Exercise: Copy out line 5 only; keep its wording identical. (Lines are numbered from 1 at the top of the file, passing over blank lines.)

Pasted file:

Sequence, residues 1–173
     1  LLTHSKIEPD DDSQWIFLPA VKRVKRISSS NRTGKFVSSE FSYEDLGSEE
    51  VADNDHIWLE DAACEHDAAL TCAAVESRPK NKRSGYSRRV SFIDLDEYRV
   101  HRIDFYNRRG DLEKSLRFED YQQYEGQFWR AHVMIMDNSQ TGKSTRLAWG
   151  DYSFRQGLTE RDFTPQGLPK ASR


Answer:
   151  DYSFRQGLTE RDFTPQGLPK ASR